The American Psychiatric Association defines depression as:
A common and serious illness that negatively affects how you feel; the way you think and how you act. Depression causes feelings of sadness and/or a loss of interest in activities once enjoyed. It can lead to a variety of emotional and physical problems and can decrease a person’s ability to function.
When scientifically studied, depression describes itself as a mood disorder, a treatable one. However, for those who suffer from depression, this definition does not do justice to the complexity and depth of what they feel at their core.
And as a person who seeks guidance to help someone with depression; that depth is exactly what you must understand.
The Core of Depression and its Effects
According to WHO, depression affects more than 300 million people worldwide. Yet, the population as a whole is still not aware of its intensity.
Depression is not something you can “get over”; neither is it a disorder that “just needs a bit of tough love”. As a global population, we must not trivialize depression and its effects.
As a friend, you may wonder how you can contribute to your loved one’s ease. After all, depression is something that grows due to a number of internal and external issues.
You can, however, do your own part in making your friend’s life more comfortable.
How to Help a Friend with Depression
1. Be There
Depression makes you feel paranoid, alone and angry. And in these instances, it pays to have a friend around whose just there because they want to be.
As that friend, listen, and be a shoulder for them to lean on. Be patient. Remember; if your friend is depressed, they may not want to speak about their problems. But they will want to have someone near them. That closeness will allow them to open up because at one point, they will want to have a listening ear around them.
When they speak to you, say things like “I understand”. Many a times, the person speaking doesn’t want an opinion; they just want someone to understand.
2. Remove the Stigma
Our society thrives on open conversation and freedom of speech. But we’re still a long way from de-stigmatizing depression.
Rather than addressing their issues, this overall attitude of the community against depression makes that person suffering feel that perhaps their problems aren’t big enough. They dismiss their issues by stating, “Everyone goes through things. Everyone’s stressed. It’s no big deal.” And that’s something you must change.
While many in our society are trying to remove misconceptions about depression, a greater focus should also be on those going through it.
Be compassionate, and make them understand that depression isn’t something to be brushed aside.
They have every right to talk about their problems. Stress on this: “Yes, many people in the world have their problems. They suffer. But their troubles do not take away from the intensity of what you go through. You are important, and your life is important.”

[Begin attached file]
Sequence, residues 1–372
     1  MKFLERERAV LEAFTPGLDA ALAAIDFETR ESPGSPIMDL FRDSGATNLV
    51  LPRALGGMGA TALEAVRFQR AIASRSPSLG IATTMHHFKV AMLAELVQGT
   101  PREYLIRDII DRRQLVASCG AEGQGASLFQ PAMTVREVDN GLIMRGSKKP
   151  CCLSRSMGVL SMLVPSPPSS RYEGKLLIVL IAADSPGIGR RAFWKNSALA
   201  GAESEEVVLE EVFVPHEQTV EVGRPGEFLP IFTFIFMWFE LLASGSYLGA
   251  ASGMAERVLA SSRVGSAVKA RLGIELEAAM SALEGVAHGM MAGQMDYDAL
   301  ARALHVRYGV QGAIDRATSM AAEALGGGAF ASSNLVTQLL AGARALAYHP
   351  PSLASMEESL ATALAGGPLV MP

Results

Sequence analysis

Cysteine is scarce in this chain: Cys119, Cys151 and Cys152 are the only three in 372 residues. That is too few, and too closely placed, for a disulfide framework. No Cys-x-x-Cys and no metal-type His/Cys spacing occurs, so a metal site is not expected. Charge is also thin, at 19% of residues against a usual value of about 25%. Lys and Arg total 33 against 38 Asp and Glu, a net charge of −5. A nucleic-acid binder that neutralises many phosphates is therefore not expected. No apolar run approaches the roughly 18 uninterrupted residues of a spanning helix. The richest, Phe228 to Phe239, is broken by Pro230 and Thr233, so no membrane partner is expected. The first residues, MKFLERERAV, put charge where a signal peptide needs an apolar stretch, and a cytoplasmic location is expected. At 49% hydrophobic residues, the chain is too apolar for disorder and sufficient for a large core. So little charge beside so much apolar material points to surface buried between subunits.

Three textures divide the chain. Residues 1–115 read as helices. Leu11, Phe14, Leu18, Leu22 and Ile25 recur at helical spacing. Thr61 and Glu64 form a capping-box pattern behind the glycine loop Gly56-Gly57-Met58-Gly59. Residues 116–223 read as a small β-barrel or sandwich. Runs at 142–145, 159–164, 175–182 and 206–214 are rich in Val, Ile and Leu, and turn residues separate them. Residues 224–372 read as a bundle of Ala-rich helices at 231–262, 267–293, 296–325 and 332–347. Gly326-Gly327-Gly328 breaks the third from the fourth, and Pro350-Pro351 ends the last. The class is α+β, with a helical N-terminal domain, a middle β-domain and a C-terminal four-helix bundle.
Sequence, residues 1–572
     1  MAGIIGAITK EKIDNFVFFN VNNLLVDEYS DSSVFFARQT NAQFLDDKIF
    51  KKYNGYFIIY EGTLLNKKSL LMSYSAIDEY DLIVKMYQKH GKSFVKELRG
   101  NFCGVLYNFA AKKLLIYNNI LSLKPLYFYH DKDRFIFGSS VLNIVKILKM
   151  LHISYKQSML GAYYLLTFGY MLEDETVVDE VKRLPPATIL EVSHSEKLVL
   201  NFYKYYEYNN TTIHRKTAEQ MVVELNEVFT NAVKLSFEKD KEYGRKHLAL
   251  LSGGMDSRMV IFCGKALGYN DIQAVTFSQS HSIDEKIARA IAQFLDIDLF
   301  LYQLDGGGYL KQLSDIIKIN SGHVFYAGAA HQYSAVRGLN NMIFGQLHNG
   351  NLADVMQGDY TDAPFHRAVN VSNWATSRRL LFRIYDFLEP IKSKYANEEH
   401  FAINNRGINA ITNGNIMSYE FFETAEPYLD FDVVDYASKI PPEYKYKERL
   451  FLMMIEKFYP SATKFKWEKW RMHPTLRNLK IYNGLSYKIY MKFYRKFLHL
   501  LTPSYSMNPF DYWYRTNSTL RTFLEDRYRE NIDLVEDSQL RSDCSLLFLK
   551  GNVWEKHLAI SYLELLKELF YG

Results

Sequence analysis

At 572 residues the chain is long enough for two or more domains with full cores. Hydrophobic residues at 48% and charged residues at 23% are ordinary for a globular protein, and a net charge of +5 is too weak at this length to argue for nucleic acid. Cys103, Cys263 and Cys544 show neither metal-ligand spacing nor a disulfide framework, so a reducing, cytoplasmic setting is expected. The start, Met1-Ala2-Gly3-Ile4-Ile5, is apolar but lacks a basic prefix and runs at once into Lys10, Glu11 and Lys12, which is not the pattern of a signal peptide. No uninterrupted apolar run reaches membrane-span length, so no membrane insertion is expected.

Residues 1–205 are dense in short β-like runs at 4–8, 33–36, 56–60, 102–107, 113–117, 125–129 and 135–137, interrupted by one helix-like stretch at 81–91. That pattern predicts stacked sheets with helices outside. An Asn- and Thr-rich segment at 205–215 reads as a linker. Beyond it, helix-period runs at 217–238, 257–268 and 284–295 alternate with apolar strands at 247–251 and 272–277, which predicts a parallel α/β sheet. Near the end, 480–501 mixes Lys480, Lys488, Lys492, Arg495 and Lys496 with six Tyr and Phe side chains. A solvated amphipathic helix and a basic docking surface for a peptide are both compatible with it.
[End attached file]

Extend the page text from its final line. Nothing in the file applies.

3. Be Patient
Battling depression is like battling with an inner demon that speaks in your own voice. That demon targets your weak points, your desires and your choices, and makes you feel worse about them. Think about this the next time you feel angry or frustrated when your friend does not open up.
As the person outside of that glass bowl of depression, you have the right to feel frustrated when your efforts aren’t fruitful. But try to understand that at the end of the day, your very existence in that person’s personal sphere is enough. You cannot give them an ultimatum, or use silence or push their boundaries because you’re becoming impatient with their behavior.
Consider it from their perspective. They’re battling not just their own thoughts, but your anger against their feelings as well. That will only make the feel worse.
4. Avoid Comparisons and Advice
Isn’t it annoying when you’re talking about your own feelings, and the other person interrupts with their own tale of woe?
Yes, remember that annoyance, and try not to do the same. Unless you’ve gone through a similar episode in your life, saying that you know exactly what your friend is going through is not helpful. Minimize your conversation of past experiences or someone else’s experience. Again, just be there for them. The best way to help them reach of their zone is to present them with a comforting state.
And control that urge to give advice. In times like this, don’t tell them what they should be doing. Instead, ask them “Is there anything I can do to make you feel better?” Give them the opportunity to know that they will receive love from you when they need it. Wait to be asked for help.
5. Learn as Much as You Can about Depression
Romanticism of depression has led to many misconceptions about this mental illness. Do not allow yourself to be guided by these thoughts.
Depression isn’t a cloud of sadness that hovers over the person at all points in their life. It ebbs and flows, lessening and increasing the impact of the symptoms, and that’s something that should be understood. This is why depression is so complex. While it does allow you to live life properly one day, it can snatch away your energy and happiness the next.
Make yourself aware of the illness and understand the importance of surrounding someone with depression, with those who have their best interest at heart.
Having depression is exhausting. As a friend, provide them with love, compassion and companionship. We all need to feel supported and loved. And while it’s hard to see your friend suffer through so much, it will benefit them in the long run, when they see someone appreciate and support them through these trying times.